Active Alert: Classes canceled rest of today and tomorrow

B-ALERT:Due to forecast, all classes effective 4:30pm today Nov 25 are canceled. There will be no classes Wednesday Nov 26. Adjust travel plans accordingly.

Alert updated: Tuesday, November 25, 2014 3:50 PM

Ask A Scientist

Why is it that when you don’t have enough fruit and vegetables you could get scurvy?

Asked by: Michael Slilaty
School: Vestal Hills Elementary School
Grade: 5
Teacher: Mrs. Bogart
Hobbies/Interests: Swimming, playing the trumpet
Career Interest: Scientist, trumpet player, musician, swimmer

Answer from Lina Begdache-Marhaba

Adjunct lecturer, Binghamton University

Research area: Nutrition and obesity, cell and molecular biology, neuroscience
Ph.D. school: Binghamton University
Family: Ali Marhaba, MD, Jade 15 and Rani 11
Interests/hobbies: Tae Kwon Do, basketball, and jogging
 

Scurvy is known to be the sailors’ disease of the Middle Ages.   Being at sea for months, explorers did not have access to daily consumption of fresh fruits and vegetables, which are good sources of vitamin C (or ascorbic acid). With prolonged deficiency, sailors ended-up with pale skin, bleeding gums, muscle pain, loss of teeth, and internal bleeding.  Vitamin C is a water-soluble vitamin that needs to be supplied by the diet. Human beings are among the few mammals that are unable to synthesize it, since they lack a key enzyme for vitamin C biosynthesis (gulonolactone oxidase). Normal development of cartilage, blood vessels, bone and gums depends on adequate supply of vitamin C. This vitamin plays a vital role in the formation of a structural protein called collagen. Collagen is the "glue" that holds skin cells together, and the intracellular “cement” that provides support and strength to blood vessels and bones and helps to anchor teeth firmly in place. Scurvy is rare in the United States, thanks to vitamin C supplementation of commercial food. However, people who have poor diets coupled with alcohol and drug abuse or people with diseases such as diabetes mellitus and certain cancers are at a higher risk. Hypovitaminosis C or vitamin C insufficiency is a more common condition, especially in people who do not consume often fruits and vegetables. Our body is in a constant state of forming collagen for maintenance of body tissues and repair of injuries. With little vitamin C, collagen synthesis is disturbed leading to a variety of problems such as bruising, sports injury, joint pains, delay in wound healing, etc.. In addition, eating fruits and vegetables provide the body with various antioxidants, including vitamin C, to tame the destructive activity of the free radicals. The latter are powerful oxygen radicals (with an unpaired electron) produced in the body either through normal respiration and/or through activation of certain enzymes. Free radicals attack biomolecules like cell membrane constituents, enzymes, and DNA, which could lead to a range of diseases including cancer. Antioxidants have the ability to donate an electron and render the free radical an inert molecule. By eating your fruits and vegetables, you are providing your brain with enough vitamin C to produce “the happy mood” brain chemicals such as serotonin and norepinephrine. In addition, eating fruits and vegetables supplies adequate vitamin C needed for the synthesis of a transport protein called carnitine, which shuttles fatty acids to be used as energy by the muscle. Adequate carnitine levels were found to be important in maintaining a healthy weight and in prevention of early fatigue in athletes. Vitamin C, from fruits and vegetables, enhances the antimicrobial and natural killer cell activities, which make the immune system stronger to fight infections including common colds.  Obviously, the benefit of eating fruits and vegetables goes far beyond prevention of scurvy. This food group is packed with nutrients, vitamins and minerals needed for an optimal health, a normal development and a healthy brain. Next time you look for a snack, make sure you reach first for your fruits and vegetables, because now you’re the expert!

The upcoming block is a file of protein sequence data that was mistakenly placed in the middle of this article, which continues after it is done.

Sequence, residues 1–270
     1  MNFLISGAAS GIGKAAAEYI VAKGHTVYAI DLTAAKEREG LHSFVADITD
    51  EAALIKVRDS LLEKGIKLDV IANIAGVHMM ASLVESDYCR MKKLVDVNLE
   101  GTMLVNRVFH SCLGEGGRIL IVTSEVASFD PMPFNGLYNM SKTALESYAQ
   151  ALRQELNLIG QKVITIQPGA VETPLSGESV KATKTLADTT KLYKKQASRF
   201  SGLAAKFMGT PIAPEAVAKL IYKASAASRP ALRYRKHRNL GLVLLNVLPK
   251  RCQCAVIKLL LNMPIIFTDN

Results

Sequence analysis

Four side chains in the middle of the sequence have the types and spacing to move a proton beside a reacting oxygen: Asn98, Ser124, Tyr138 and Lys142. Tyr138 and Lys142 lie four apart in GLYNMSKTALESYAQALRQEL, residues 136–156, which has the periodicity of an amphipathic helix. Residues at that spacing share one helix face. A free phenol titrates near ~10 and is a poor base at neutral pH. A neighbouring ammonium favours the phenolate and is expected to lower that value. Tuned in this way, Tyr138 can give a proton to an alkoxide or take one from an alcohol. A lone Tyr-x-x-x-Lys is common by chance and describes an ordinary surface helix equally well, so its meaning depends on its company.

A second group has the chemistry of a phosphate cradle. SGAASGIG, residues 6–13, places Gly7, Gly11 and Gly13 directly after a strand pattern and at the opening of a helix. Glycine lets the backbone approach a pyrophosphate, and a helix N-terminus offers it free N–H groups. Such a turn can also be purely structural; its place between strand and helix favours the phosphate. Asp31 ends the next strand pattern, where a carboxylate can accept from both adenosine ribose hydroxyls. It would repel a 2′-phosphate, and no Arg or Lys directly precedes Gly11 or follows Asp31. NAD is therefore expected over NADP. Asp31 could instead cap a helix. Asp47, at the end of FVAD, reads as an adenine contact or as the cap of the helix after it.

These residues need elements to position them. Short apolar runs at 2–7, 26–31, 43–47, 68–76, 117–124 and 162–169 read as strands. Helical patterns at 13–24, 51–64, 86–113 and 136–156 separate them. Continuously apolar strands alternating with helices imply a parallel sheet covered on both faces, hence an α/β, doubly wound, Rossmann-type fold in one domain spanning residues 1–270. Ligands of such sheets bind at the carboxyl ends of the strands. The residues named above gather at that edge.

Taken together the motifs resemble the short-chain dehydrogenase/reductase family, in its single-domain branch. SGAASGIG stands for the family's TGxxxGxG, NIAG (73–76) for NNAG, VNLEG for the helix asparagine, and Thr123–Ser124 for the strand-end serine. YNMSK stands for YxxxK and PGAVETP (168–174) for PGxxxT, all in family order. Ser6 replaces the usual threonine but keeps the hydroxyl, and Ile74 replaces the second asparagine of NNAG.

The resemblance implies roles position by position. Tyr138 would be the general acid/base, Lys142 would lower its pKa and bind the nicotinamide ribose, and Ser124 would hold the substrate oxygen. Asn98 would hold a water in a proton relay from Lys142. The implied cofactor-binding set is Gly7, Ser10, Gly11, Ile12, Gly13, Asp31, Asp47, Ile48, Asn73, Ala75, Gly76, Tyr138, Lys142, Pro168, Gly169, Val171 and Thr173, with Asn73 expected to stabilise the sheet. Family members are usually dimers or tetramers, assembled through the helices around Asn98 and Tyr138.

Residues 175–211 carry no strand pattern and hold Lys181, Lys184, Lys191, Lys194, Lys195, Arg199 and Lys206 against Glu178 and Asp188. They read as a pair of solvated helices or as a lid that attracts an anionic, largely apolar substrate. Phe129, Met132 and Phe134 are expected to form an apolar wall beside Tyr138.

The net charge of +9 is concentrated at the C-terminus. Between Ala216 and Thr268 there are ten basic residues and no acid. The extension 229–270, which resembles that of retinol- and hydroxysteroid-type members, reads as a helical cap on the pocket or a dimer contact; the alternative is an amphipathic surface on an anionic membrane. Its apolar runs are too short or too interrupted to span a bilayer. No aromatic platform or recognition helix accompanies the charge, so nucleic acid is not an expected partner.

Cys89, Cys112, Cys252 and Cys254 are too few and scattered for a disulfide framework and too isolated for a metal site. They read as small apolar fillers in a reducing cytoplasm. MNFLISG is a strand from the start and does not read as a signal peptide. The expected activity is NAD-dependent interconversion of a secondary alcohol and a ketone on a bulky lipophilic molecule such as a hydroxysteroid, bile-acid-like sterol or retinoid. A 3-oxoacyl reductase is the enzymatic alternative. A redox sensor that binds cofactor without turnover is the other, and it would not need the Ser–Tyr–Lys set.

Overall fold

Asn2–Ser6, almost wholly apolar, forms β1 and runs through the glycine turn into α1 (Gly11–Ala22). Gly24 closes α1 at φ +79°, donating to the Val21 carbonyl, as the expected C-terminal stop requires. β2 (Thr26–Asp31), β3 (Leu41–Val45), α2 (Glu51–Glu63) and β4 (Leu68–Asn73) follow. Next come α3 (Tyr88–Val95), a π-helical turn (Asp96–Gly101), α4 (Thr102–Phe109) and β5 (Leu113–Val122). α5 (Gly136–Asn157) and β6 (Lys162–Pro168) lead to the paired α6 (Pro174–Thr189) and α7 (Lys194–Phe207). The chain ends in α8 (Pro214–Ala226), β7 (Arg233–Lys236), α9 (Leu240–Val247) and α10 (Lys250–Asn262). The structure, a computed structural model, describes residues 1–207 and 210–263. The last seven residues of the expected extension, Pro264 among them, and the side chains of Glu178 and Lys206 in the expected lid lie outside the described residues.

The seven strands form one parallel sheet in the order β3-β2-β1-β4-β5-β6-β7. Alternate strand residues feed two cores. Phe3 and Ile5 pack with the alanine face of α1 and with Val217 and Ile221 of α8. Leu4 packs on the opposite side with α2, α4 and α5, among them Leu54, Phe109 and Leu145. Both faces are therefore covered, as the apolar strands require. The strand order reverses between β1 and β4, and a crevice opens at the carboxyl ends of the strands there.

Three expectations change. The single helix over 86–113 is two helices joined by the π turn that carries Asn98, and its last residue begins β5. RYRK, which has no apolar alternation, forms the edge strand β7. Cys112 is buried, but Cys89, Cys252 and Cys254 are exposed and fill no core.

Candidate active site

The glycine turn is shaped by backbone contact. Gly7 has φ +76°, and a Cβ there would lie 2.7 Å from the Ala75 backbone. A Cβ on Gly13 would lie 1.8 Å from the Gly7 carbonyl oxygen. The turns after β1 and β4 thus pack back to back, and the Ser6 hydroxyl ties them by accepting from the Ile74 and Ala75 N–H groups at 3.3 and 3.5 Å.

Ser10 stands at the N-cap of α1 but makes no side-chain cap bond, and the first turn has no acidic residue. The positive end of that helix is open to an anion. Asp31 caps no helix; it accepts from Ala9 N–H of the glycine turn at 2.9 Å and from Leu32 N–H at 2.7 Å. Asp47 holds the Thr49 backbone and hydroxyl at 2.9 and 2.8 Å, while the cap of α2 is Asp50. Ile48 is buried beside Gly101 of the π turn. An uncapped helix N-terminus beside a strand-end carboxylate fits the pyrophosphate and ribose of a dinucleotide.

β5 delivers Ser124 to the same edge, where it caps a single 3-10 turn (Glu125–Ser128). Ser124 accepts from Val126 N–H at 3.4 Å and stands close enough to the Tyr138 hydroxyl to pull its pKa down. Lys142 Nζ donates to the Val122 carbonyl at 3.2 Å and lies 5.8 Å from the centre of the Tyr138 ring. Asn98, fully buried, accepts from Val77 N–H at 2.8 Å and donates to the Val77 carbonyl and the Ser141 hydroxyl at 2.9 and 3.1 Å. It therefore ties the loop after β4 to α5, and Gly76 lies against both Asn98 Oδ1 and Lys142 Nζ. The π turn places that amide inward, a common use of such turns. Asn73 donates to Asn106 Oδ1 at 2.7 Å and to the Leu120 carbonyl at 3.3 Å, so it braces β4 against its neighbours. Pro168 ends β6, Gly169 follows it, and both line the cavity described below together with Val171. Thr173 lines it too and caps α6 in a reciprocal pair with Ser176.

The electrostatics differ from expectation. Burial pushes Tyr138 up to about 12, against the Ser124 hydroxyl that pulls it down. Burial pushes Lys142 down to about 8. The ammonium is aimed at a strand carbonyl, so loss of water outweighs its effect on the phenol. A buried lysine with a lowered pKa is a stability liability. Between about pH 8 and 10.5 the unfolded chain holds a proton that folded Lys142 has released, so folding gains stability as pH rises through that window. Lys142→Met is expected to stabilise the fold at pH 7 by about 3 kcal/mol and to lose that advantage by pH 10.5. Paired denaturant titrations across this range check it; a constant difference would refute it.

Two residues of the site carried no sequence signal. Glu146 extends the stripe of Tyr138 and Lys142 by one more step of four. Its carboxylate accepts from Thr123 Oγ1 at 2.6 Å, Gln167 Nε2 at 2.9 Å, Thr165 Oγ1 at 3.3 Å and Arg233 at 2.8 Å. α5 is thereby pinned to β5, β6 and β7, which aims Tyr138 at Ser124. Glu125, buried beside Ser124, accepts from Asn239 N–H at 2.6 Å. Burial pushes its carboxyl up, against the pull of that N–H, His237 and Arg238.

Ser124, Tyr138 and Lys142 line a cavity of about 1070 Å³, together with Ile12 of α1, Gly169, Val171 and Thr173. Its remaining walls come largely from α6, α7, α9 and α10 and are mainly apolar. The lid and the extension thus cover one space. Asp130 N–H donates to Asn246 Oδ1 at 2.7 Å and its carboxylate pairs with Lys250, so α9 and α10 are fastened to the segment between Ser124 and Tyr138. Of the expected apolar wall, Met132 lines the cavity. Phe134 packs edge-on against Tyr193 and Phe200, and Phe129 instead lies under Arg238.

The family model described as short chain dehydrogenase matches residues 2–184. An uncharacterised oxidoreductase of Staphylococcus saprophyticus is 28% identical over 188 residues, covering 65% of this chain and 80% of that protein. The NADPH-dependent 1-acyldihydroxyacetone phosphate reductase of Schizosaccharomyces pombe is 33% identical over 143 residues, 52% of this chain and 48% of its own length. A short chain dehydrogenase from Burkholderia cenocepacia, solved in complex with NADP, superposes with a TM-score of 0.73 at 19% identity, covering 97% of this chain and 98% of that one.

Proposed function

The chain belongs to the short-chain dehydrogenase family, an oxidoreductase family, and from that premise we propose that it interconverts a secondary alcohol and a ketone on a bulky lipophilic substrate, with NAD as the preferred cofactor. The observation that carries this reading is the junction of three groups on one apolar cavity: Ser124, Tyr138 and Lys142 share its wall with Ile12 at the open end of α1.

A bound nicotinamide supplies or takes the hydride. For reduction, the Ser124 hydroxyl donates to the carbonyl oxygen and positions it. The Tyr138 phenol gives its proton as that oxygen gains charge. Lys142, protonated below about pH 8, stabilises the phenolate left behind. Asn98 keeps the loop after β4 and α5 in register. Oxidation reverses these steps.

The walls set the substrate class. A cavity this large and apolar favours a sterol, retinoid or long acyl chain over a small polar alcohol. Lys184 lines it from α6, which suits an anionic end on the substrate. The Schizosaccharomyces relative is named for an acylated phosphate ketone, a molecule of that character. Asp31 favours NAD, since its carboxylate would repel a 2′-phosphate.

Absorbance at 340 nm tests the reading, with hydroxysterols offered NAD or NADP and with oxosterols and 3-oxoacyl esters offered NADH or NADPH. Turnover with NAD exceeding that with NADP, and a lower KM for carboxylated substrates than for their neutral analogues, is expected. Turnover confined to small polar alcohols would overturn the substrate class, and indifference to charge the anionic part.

Last Updated: 9/18/13